The Pennsylvania Game Commission has removed the Peregrine Falcon – a bird of prey with a three-foot wingspan that can dive at more than 200 mph -- from the Endangered Species list it had been on for several years.
“After an absence of nearly three decades, the first breeding peregrines to Pennsylvania were documented on bridges in the Philadelphia area,” according to Lisa Williams, Division Chief, Wildlife Diversity, Pennsylvania Game Commission. “Today, peregrines are found nesting on bridges, tall building smokestacks and cliffs in 31 counties.”
The peregrine falcon was listed as an Endangered Species by the U.S. Fish and Wildlife Agency in 1973, said Williams. No nesting was recorded in Pennsylvania between 1959 and 1987, she said, and the species placed on the state’s endangered list beginning in about 1999.
Most peregrines in Pennsylvania are nesting today on bridges and buildings, she said, as well as on smokestacks and cliffs.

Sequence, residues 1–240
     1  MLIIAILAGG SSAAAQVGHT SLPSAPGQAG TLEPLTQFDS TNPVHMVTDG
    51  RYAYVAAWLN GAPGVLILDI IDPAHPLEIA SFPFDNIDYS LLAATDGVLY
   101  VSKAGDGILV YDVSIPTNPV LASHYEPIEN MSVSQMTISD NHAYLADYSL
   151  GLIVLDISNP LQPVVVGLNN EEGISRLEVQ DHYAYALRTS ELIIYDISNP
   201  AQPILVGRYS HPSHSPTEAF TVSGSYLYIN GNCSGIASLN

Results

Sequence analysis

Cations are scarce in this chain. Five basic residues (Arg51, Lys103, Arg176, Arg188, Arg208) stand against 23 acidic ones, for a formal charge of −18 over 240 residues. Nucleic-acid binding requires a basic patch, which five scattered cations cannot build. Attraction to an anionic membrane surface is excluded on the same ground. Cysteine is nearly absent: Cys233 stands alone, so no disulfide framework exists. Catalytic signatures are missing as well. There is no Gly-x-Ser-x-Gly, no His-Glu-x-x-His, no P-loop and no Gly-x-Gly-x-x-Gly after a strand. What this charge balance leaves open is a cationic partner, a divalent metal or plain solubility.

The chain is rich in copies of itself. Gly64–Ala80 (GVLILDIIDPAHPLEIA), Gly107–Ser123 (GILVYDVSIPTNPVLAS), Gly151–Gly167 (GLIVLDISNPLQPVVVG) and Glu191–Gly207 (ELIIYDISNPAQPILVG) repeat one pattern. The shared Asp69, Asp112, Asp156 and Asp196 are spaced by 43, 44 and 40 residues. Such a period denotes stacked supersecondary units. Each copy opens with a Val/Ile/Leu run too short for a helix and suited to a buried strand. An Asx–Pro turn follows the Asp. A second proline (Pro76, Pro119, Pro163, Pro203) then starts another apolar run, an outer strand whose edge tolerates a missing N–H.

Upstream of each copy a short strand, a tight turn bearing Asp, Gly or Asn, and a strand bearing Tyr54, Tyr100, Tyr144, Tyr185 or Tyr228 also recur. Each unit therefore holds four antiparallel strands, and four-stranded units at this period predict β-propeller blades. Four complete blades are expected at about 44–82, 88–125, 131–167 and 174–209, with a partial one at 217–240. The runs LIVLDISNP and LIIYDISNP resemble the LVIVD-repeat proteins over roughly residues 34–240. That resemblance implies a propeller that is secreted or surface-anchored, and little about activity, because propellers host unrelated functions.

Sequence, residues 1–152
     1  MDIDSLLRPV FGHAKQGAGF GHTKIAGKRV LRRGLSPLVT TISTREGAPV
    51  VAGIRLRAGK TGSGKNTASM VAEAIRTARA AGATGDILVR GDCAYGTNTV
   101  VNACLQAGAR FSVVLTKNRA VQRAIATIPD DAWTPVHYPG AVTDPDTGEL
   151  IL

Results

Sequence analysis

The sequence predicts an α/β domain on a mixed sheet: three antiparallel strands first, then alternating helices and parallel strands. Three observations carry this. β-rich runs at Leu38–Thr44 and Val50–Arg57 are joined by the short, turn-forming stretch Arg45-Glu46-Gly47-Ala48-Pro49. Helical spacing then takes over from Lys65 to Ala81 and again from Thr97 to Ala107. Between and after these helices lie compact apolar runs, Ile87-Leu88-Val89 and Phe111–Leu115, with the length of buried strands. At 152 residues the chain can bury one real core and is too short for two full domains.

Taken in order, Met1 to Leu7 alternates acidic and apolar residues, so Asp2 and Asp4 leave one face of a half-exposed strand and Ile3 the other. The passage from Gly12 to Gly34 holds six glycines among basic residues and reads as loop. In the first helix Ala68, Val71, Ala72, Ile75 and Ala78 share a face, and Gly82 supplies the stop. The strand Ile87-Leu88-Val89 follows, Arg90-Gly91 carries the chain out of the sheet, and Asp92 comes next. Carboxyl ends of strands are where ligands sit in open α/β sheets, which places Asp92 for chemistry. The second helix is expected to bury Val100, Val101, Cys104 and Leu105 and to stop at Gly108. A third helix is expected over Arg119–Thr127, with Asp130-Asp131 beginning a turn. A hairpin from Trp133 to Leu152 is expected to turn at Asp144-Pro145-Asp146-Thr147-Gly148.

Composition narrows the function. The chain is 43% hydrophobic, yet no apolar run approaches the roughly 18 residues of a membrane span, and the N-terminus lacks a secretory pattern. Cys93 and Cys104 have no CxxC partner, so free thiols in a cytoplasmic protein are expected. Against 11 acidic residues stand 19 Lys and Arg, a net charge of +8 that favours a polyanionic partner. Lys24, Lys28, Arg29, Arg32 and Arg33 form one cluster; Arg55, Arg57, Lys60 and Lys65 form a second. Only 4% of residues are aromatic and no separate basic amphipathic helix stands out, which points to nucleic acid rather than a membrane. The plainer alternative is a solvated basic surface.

“The Game Commission will continue to survey and monitor nesting peregrine falcons,” said Williams. “Game Commission staff continues to evaluate monitoring results.”
The falcon breed, she said, lives a special life.
“Male and female falcons typically pair for life, renewing their bond with courtship activity during late winter and early spring,” she said. “Courtship is marked by special flight displays and the male bringing the female food.”
Adult peregrine falcons have dark bluish-gray upper parts and wings, with a whitish lower side with dark blue-gray horizontal bars, described Williams. The head has a dark “helmet” pattern that is more pronounced in the adults, and has long pointed wings with rapid, steady wingbeats in flight.
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